We spoke Gareth Loye, CEO of M&M Contractors, about his experience in working in the submarine industry and why a broad range of skills is key to meeting clients’ changing demands
Submarine cable systems support around 95% of the world’s international data traffic, but despite our huge reliance on these systems, the subsea industry remains widely unrecognised and underappreciated. But, as data demand soars and the world grows more digital, it is also an industry full of opportunity.
In recent years we’ve seen a small group of specialist construction partners emerge and rise to the challenge of the subsea space, bringing with them a wealth of experience from projects across numerous industries.
M&M Contractors, one of the most exciting new players in this space, specialises in building the terrestrial section of a submarine system, the so-called ‘last mile’, which can include everything from landing stations to the terrestrial network to data centres. For M&M CEO, Gareth Loye, the key to delivering this last mile effectively is leveraging skills from many different parts of the business.
“We have everything in-house that you’d expect from a telecoms company – splicing teams, testing, cabling, network building, ducting, etc. We also have the other side of our business which is electrical – our company is qualified to lay up to 132kV cable, which is more than enough for any submarine network. And our business also carries construction – we have high-class staff that are construction and civil engineering specialists,” he explained.
“Wrap that all together and we can provide clients with a partner of choice for submarine terrestrial network builds.”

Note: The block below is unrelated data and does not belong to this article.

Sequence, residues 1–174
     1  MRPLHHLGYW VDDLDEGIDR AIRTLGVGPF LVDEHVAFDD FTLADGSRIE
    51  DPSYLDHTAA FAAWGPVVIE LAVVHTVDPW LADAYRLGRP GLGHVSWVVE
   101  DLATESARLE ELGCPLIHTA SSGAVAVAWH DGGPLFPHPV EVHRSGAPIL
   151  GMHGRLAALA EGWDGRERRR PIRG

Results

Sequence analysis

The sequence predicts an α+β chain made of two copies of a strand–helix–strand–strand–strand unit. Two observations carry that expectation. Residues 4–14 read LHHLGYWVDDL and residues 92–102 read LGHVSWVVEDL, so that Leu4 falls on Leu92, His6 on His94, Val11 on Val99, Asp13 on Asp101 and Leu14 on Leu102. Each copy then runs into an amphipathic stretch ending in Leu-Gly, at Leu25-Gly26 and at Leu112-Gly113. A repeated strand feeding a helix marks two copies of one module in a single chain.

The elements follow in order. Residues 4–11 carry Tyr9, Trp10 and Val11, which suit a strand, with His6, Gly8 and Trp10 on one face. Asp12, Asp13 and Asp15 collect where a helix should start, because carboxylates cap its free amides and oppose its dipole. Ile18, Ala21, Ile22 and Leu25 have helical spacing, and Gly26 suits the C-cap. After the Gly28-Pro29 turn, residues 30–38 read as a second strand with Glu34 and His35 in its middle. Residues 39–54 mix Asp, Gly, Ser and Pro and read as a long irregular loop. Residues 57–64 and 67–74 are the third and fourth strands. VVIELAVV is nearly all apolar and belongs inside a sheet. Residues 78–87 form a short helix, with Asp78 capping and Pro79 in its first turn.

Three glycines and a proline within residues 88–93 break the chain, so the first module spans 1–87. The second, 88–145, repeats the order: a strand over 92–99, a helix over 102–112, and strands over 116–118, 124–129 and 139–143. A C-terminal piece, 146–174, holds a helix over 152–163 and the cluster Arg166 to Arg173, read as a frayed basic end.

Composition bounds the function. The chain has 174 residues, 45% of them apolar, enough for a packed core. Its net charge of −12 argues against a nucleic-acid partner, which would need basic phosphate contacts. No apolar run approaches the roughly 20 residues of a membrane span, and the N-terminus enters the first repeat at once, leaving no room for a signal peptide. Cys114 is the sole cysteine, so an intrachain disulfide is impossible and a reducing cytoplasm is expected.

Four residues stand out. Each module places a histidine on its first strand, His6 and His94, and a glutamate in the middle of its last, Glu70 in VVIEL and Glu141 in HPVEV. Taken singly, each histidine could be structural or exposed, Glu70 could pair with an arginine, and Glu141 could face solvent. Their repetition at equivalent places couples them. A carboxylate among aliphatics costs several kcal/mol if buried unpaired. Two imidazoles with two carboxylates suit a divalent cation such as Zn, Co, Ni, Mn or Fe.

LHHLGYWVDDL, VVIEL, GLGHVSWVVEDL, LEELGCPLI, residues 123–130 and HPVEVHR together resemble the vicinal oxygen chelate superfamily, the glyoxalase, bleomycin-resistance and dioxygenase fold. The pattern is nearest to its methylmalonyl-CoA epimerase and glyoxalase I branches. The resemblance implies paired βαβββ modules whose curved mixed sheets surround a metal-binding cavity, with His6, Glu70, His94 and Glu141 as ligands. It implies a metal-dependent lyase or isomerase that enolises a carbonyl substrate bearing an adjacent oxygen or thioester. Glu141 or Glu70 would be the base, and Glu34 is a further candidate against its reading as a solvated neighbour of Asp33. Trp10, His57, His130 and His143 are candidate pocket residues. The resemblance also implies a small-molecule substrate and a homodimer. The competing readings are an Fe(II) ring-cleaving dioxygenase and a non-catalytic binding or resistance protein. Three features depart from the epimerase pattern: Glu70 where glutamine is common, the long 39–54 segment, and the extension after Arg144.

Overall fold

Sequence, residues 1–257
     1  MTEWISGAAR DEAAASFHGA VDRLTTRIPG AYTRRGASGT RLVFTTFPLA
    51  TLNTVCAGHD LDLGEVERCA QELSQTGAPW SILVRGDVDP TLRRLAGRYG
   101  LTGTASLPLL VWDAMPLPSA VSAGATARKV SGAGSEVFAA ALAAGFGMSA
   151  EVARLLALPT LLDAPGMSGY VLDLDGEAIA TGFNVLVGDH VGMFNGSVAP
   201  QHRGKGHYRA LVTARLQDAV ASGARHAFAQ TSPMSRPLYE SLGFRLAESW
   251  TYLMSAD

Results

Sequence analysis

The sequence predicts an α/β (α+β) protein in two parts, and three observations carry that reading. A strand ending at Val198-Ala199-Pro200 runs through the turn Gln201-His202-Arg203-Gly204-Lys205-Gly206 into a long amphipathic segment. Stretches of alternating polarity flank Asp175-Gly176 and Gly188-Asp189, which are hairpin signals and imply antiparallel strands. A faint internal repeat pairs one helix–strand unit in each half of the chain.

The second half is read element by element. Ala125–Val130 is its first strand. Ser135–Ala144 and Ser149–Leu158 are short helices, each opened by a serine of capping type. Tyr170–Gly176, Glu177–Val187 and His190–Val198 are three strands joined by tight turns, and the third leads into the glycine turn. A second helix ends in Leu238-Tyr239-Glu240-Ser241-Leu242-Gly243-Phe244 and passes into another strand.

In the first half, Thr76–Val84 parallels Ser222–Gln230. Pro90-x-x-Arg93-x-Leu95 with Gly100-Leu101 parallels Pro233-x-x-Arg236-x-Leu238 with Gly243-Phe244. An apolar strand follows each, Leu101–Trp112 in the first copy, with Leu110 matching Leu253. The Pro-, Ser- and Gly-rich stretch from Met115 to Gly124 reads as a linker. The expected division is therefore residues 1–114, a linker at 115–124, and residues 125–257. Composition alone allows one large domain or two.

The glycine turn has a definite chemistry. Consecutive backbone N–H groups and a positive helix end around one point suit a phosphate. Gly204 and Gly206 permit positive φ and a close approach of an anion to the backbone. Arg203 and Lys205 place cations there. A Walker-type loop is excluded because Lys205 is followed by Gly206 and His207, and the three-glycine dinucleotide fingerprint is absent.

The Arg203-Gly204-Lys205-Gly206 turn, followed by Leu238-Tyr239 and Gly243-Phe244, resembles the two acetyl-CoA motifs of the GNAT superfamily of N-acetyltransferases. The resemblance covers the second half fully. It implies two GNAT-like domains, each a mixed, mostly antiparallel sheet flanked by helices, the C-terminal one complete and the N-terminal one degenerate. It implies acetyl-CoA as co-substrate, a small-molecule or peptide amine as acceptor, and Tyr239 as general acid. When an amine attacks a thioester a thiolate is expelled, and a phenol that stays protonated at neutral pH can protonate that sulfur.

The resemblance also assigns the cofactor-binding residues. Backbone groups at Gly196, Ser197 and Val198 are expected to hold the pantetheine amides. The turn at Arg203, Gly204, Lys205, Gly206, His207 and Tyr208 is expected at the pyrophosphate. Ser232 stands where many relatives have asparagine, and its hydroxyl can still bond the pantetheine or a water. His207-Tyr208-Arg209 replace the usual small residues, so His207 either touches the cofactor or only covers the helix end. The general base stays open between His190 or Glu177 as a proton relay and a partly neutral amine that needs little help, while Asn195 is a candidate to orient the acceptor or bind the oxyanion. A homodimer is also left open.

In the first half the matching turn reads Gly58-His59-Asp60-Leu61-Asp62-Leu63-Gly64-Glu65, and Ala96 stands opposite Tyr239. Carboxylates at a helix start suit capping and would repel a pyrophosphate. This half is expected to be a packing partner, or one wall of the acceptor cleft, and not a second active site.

You can watch our complete interview from the link above
There is something of a misconception that the submarine cable industry is a slow-moving sector, perhaps because projects can take years to grow from concept to reality. But, in fact, the industry is always changing, with projects quick to shift in nature and scope based on developments behind the scenes. Often, these systems are just waiting for the final puzzle piece to fall into place.
“A lot of these jobs start very quickly, because the funding starts quickly, and they expect us to react,” explained Loye. “But also, these jobs evolve as the project evolves; perhaps an anchor client comes in, and then another, and so the terrestrial requirements change because the capacity is increased.”
“It can be just a click of the fingers. The funding is right, the timing is right, the capacity and the anchor tenants just fall into place,” he said, highlighting that the company’s broad experience was key to reacting quickly, without hesitation.
“Ultimately, we work to meet the client’s needs as they change, as the project is being built,” said Loye.
Loye shared the origin story of a major submarine project, explaining how a simple chat in a London hotel soon found him standing on a cliff in Canada eight weeks later, looking out over the Atlantic, discussing a potential build with a client.
“We designed, planned, and built a monster of a project. We built a terrestrial network through historical towns, fields, under rail…We were delivering upwards of 2,000m per week of terrestrial network, just to hit the time scales! But ultimately we succeeded, and it became an award winning project,” he said. “It’s just magnificent to be part of these projects that our clients have and to be part of their vision.”
If you want to hear more from Gareth and M&M Contractors, he’ll be speaking on an expert panel exploring business models and partnerships for new submarine cable builds at this year’s Submarine Networks EMEA conference. Check out the agenda and find out more here!